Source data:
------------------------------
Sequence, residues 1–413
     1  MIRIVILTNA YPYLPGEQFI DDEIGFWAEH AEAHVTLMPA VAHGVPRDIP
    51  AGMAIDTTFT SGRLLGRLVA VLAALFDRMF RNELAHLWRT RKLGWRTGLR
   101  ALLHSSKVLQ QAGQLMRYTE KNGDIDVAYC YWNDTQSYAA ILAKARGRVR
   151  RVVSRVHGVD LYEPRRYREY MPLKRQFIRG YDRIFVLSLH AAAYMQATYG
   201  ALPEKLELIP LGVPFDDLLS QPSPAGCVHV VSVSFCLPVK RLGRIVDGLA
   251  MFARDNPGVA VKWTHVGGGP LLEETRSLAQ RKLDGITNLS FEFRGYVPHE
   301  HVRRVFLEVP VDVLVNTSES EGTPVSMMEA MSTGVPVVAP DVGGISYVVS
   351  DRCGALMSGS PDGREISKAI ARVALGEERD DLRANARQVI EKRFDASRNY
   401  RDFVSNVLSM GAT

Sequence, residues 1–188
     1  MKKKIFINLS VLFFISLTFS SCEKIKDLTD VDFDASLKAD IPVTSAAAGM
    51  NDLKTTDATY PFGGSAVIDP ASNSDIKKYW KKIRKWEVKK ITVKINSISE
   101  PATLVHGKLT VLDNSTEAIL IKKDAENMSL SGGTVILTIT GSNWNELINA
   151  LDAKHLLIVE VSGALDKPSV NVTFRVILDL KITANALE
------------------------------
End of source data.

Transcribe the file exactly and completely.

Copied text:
Sequence, residues 1–413
     1  MIRIVILTNA YPYLPGEQFI DDEIGFWAEH AEAHVTLMPA VAHGVPRDIP
    51  AGMAIDTTFT SGRLLGRLVA VLAALFDRMF RNELAHLWRT RKLGWRTGLR
   101  ALLHSSKVLQ QAGQLMRYTE KNGDIDVAYC YWNDTQSYAA ILAKARGRVR
   151  RVVSRVHGVD LYEPRRYREY MPLKRQFIRG YDRIFVLSLH AAAYMQATYG
   201  ALPEKLELIP LGVPFDDLLS QPSPAGCVHV VSVSFCLPVK RLGRIVDGLA
   251  MFARDNPGVA VKWTHVGGGP LLEETRSLAQ RKLDGITNLS FEFRGYVPHE
   301  HVRRVFLEVP VDVLVNTSES EGTPVSMMEA MSTGVPVVAP DVGGISYVVS
   351  DRCGALMSGS PDGREISKAI ARVALGEERD DLRANARQVI EKRFDASRNY
   401  RDFVSNVLSM GAT

Sequence, residues 1–188
     1  MKKKIFINLS VLFFISLTFS SCEKIKDLTD VDFDASLKAD IPVTSAAAGM
    51  NDLKTTDATY PFGGSAVIDP ASNSDIKKYW KKIRKWEVKK ITVKINSISE
   101  PATLVHGKLT VLDNSTEAIL IKKDAENMSL SGGTVILTIT GSNWNELINA
   151  LDAKHLLIVE VSGALDKPSV NVTFRVILDL KITANALE